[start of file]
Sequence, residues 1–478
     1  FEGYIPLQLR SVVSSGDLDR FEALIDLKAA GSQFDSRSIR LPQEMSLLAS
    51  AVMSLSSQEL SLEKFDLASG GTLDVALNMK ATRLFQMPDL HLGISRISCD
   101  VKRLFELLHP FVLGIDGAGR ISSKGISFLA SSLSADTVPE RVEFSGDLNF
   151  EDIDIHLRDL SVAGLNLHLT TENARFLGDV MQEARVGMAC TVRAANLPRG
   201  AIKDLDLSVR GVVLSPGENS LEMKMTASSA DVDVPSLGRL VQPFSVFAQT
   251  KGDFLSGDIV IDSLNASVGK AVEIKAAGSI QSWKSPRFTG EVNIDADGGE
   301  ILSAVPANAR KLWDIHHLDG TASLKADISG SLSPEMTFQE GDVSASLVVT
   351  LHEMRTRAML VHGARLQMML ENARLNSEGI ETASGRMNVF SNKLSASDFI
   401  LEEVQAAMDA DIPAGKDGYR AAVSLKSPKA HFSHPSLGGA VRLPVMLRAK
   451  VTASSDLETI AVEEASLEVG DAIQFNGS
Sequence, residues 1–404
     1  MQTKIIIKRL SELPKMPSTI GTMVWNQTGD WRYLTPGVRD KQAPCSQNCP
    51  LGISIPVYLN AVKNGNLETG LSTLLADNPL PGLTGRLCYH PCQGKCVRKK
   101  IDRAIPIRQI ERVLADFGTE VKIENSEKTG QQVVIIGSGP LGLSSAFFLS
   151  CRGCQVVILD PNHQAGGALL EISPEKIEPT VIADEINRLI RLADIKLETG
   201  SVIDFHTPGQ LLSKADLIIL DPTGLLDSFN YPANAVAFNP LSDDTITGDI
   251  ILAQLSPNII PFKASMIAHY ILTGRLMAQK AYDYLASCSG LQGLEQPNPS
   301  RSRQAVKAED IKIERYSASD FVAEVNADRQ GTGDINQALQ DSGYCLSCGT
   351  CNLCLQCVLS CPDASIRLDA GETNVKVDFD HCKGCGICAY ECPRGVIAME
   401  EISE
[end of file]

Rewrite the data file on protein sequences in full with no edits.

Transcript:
Sequence, residues 1–478
     1  FEGYIPLQLR SVVSSGDLDR FEALIDLKAA GSQFDSRSIR LPQEMSLLAS
    51  AVMSLSSQEL SLEKFDLASG GTLDVALNMK ATRLFQMPDL HLGISRISCD
   101  VKRLFELLHP FVLGIDGAGR ISSKGISFLA SSLSADTVPE RVEFSGDLNF
   151  EDIDIHLRDL SVAGLNLHLT TENARFLGDV MQEARVGMAC TVRAANLPRG
   201  AIKDLDLSVR GVVLSPGENS LEMKMTASSA DVDVPSLGRL VQPFSVFAQT
   251  KGDFLSGDIV IDSLNASVGK AVEIKAAGSI QSWKSPRFTG EVNIDADGGE
   301  ILSAVPANAR KLWDIHHLDG TASLKADISG SLSPEMTFQE GDVSASLVVT
   351  LHEMRTRAML VHGARLQMML ENARLNSEGI ETASGRMNVF SNKLSASDFI
   401  LEEVQAAMDA DIPAGKDGYR AAVSLKSPKA HFSHPSLGGA VRLPVMLRAK
   451  VTASSDLETI AVEEASLEVG DAIQFNGS
Sequence, residues 1–404
     1  MQTKIIIKRL SELPKMPSTI GTMVWNQTGD WRYLTPGVRD KQAPCSQNCP
    51  LGISIPVYLN AVKNGNLETG LSTLLADNPL PGLTGRLCYH PCQGKCVRKK
   101  IDRAIPIRQI ERVLADFGTE VKIENSEKTG QQVVIIGSGP LGLSSAFFLS
   151  CRGCQVVILD PNHQAGGALL EISPEKIEPT VIADEINRLI RLADIKLETG
   201  SVIDFHTPGQ LLSKADLIIL DPTGLLDSFN YPANAVAFNP LSDDTITGDI
   251  ILAQLSPNII PFKASMIAHY ILTGRLMAQK AYDYLASCSG LQGLEQPNPS
   301  RSRQAVKAED IKIERYSASD FVAEVNADRQ GTGDINQALQ DSGYCLSCGT
   351  CNLCLQCVLS CPDASIRLDA GETNVKVDFD HCKGCGICAY ECPRGVIAME
   401  EISE